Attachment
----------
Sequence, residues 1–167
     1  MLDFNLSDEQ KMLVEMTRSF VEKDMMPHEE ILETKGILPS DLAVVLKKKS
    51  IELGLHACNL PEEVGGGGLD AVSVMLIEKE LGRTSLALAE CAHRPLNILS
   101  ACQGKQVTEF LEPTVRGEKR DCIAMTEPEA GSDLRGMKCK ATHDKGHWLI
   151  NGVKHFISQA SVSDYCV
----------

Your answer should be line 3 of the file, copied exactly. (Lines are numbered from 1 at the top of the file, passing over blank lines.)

    51  IELGLHACNL PEEVGGGGLD AVSVMLIEKE LGRTSLALAE CAHRPLNILS